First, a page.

As part of our research, we identified key digital innovations that have been implemented across Banking and Financial Services.

Our research continues to inform SBI Card, and our approach to new journeys on the website.  Based on our documented research, we have designed several new features, including a two-factor authentication journey or a secure login experience and a more robust spend analysis tool accessible through SBI Card’s chatbot, ILA. The research has also informed our strategy behind the revamp of their UI and experience, helping identify emerging technology and global banking trends to enhance their virtual presence.

Based on our study of general UI and UX trends and digital and tech innovations in BFSI, we identified ways in which SBI Card can improve their digital touch-points.

SBI Card 2.0

Our new visual language for SBI Card abandons traditional, dated banking UI for a more clean and contemporary look and feel, displaying full-screen content and less dense layouts to keep important information in focus. The new UI also focuses on providing users with more personalised, interactive, and mobile-friendly experiences. Playful illustrations, transitions, and pared-back interfaces simplify navigation and help increase engagement.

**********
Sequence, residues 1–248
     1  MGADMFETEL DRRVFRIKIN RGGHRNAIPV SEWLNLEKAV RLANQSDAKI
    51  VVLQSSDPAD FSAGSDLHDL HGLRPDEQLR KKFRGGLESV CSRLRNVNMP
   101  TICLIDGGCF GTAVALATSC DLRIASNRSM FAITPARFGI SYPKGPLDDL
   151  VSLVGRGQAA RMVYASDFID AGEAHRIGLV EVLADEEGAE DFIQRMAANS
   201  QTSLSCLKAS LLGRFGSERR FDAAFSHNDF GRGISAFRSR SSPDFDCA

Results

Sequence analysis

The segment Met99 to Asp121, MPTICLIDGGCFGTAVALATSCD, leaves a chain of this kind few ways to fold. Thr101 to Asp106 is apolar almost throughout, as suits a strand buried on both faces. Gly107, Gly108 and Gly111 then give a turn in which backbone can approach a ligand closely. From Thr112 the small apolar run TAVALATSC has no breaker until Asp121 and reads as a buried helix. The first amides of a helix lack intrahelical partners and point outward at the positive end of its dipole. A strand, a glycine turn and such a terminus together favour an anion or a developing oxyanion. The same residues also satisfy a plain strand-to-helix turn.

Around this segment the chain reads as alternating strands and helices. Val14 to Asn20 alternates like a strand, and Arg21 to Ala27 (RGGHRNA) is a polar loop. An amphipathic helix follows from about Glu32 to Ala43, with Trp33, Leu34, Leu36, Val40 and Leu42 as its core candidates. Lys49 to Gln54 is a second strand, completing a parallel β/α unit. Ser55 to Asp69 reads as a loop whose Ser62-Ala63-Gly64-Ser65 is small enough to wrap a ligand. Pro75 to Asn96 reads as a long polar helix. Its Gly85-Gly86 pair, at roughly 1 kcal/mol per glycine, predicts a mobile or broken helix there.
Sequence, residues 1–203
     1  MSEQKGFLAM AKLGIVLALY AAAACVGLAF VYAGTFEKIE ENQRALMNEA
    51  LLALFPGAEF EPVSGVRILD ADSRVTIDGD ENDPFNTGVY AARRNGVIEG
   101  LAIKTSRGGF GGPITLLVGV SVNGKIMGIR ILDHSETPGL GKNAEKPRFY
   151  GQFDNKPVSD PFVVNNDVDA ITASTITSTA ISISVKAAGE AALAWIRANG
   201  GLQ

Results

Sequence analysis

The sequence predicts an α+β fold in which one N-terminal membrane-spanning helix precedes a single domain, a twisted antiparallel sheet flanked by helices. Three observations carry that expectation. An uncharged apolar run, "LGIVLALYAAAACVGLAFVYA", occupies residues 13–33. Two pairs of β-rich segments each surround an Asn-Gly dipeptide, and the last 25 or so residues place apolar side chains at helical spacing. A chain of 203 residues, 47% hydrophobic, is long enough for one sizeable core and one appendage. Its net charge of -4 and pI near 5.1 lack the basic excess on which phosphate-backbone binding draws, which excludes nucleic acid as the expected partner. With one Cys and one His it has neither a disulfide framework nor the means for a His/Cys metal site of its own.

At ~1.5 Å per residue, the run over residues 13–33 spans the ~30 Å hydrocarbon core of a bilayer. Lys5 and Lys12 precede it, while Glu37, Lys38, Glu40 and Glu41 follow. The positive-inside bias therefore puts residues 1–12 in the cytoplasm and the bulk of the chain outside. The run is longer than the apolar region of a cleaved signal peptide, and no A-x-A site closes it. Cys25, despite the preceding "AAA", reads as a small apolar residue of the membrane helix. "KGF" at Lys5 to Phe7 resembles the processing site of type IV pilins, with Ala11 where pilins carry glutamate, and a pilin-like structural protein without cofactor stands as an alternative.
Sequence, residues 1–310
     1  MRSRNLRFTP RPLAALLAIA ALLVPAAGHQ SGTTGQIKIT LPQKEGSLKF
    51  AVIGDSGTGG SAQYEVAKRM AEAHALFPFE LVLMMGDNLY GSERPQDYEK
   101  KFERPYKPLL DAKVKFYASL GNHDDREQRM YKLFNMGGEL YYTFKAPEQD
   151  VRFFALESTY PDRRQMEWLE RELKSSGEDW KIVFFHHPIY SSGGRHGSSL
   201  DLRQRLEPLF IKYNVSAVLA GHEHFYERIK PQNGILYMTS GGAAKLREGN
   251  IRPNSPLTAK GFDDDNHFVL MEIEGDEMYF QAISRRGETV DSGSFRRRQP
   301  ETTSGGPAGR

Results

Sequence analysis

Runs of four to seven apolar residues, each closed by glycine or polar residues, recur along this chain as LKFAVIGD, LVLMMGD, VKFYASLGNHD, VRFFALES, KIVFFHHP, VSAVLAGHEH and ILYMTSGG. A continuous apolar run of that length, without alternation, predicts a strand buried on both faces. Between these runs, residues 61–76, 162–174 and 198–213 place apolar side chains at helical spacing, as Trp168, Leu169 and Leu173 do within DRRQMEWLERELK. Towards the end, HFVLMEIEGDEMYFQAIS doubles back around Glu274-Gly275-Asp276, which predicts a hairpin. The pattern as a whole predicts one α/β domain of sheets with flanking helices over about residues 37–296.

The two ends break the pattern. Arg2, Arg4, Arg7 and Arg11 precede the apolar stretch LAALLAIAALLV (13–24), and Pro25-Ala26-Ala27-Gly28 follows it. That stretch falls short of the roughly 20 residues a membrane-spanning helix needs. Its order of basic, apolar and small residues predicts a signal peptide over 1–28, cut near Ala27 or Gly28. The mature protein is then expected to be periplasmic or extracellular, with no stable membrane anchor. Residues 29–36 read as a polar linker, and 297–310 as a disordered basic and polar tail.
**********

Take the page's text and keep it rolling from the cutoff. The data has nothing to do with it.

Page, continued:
The use of personified guides featuring women, men, and gender-neutral characters illustrate the narrative of a user’s journey, humanise the interface, and create moments of playfulness in otherwise lengthy flows.”

The use of personified guides featuring women, men, and gender-neutral characters illustrate the narrative of a user’s journey, humanise the interface, and create moments of playfulness in otherwise lengthy flows.

As part of their ongoing transformation, we have redefined several key flows on the website:

New user registration and digital onboarding: Our team redesigned the digital registration and onboarding of first-time SBI Card customers. To reduce high drop-off rates, we created a more engaging onboarding experience featuring micro-animations, dynamic visual content and progress trackers that help simplify the experience and motivate users to complete the journey.

To reduce high drop-off rates, we created a more engaging onboarding experience featuring micro-animations, dynamic visual content, and progress trackers that help simplify the experience and motivate users to complete the journey.”